The Next Generation of Greenhouses May Be Power Plants

Researchers from NC State and UNC-Chapel Hill are launching a project to develop next generation greenhouses with built-in solar cells that make use of the entire spectrum of solar light.

“We know that plants don’t make use of all wavelengths of light – leaves reflect green and near-infrared light,” says Brendan O’Connor, primary investigator (PI) of the project and an engineering researcher who studies organic electronics.

“So we plan to make solar cells that absorb those unused wavelengths of light, but allow the remainder of the sunlight to pass through to the plants,” O’Connor says. “This would allow us to create greenhouses that generate electricity using solar power, without adversely affecting plant growth. We call the overarching concept the Solar Powered Integrated Greenhouse, or SPRING system.”

The project is supported by a four-year, $3 million grant from a new National Science Foundation program called Innovations at the Nexus of Food, Energy and Water Systems (INFEWS).

The researchers also want to be able to fine-tune the solar cells to maximize their utility in different climates and complement plant growth. For example, the right solar cells could allow growers to better regulate temperature in greenhouses and cultivate plants more efficiently – using less water, for example.

“We envision a new, zero-energy farming system that drastically improves the efficiency of land use and water consumption,” O’Connor says. “And making greenhouses more effective across a broader range of climates would allow farms to be located next to urban centers.”

In addition to O’Connor, the project has five co-PIs: Harald Ade, a distinguished professor of physics at NC State; Heike Sederoff, a professor of plant and microbial biology at NC State; Joe DeCarolis, an associate professor of environmental engineering at NC State; Carole Saravitz, director of the Phytotron at NC State; and Wei You, an associate professor of chemistry at UNC-Chapel Hill.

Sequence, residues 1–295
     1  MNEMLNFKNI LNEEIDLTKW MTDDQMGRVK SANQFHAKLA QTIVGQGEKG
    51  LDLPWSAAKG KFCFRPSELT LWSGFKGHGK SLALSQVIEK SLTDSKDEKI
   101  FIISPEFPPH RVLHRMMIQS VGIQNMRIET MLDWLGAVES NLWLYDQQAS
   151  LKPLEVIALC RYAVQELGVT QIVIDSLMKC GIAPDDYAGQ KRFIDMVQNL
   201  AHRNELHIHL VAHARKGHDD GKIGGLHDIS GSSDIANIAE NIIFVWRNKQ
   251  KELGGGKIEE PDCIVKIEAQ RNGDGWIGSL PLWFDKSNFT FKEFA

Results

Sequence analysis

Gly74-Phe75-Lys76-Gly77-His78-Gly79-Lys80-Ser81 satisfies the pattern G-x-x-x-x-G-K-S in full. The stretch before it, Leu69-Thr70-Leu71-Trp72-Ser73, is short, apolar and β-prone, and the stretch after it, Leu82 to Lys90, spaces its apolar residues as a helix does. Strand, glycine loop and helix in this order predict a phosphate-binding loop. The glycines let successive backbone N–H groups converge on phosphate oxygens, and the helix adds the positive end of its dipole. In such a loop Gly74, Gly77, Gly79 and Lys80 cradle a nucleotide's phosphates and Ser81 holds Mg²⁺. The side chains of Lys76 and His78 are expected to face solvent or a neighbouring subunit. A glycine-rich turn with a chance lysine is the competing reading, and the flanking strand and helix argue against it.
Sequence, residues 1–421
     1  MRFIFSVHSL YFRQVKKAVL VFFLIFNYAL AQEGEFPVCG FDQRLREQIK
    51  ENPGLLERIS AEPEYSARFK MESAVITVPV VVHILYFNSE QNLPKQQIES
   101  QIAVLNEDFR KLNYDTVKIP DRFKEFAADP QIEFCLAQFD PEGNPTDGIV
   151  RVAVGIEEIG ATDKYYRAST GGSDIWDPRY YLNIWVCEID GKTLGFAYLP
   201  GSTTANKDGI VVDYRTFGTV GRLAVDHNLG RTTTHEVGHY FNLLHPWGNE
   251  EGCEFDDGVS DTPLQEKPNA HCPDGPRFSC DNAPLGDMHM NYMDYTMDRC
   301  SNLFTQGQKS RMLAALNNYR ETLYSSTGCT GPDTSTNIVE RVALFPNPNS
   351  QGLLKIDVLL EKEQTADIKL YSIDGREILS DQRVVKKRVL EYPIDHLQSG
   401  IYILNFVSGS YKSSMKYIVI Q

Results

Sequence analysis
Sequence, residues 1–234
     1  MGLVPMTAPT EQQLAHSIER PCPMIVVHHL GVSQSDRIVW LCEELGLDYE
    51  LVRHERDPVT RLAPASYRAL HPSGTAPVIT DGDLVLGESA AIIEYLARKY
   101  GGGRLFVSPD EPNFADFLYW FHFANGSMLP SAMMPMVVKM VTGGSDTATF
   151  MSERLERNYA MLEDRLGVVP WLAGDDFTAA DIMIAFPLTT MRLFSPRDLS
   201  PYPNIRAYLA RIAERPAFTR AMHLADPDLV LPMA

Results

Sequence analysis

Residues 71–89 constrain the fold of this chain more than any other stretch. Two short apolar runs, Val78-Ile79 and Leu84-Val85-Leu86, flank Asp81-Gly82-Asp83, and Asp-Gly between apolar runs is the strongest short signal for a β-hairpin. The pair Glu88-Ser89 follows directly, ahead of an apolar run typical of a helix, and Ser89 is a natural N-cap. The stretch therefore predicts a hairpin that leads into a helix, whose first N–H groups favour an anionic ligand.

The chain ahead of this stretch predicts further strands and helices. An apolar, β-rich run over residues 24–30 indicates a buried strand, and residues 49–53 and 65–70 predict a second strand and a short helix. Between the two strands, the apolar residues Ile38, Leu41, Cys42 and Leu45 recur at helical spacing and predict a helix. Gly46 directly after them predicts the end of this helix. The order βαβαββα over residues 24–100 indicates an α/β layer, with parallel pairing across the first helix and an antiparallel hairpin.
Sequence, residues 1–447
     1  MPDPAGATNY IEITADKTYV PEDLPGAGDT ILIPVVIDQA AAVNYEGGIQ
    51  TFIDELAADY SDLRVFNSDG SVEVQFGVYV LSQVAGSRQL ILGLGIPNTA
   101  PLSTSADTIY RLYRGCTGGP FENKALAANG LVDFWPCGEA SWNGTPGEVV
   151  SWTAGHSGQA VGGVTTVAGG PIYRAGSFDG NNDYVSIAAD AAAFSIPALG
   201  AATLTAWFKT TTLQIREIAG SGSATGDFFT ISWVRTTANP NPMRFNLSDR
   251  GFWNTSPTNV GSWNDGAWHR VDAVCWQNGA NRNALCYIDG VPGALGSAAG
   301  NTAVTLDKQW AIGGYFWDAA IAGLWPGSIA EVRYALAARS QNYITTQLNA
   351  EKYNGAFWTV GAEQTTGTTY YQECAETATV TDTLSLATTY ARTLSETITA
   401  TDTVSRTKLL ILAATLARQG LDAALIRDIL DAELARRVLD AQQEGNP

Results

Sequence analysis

10 responses on “The Next Generation of Greenhouses May Be Power Plants

  1. Manekraj Goliya says:

    Please keep me on your mailing list.

  2. Nicole Garvez says:

    I have a bachelor of technology degree in plant science and experience as a photonics research lab tech. How can I work on this project? Any openings?

  3. Andrew Blume says:

    Hi, I have a client in Winston-Salem who is developing a community agriculture center with a greenhouse component. I am interested to learn more abotu SPRING.

  4. Robert Simkins says:

    How can I follow the development progress of this unique project?

  5. Tim Dumenil says:

    Can the SPRING design be enhanced through the use of recovered CO2 and low grade waste heat within the growing space?

  6. feng yongzhong says:

    the system is called photovoltaic agriculture which is developed in China,next generation photovoltaic agriculture technology and model are also being studied now。

  7. RAMMOHAN REDDY says:

    I am interested to keep abreast of developments. Please add me to your mailing list – my email I’d is
    rammohansolar@gmail.com

  8. Richard Denis says:

    I’m a greenhouse consultant since 1980. This type of breakthrough is highly interesting. I would like to discuss it with you and learn where you are in this development and whether or not we can expect a prototype soon. I would be able to connect you with institutions that would readily agree to test it. Let me know. Richard

  9. Jake Reid says:

    I work with Very rural communities, where access to fresh grown foods, is scarce or not at all, and this technology would fit perfect to improve health, wellness and economic and social growth in these area, please keep me on your mailing list
    Jakereid1@me.com

  10. Yogesh Ajmeri says:

    Exciting development , this can revolisanize entire scenario of power consumption of Green houses.
    Yogesh Ajmeri
    ajmeri.yogesh@ gmail.com

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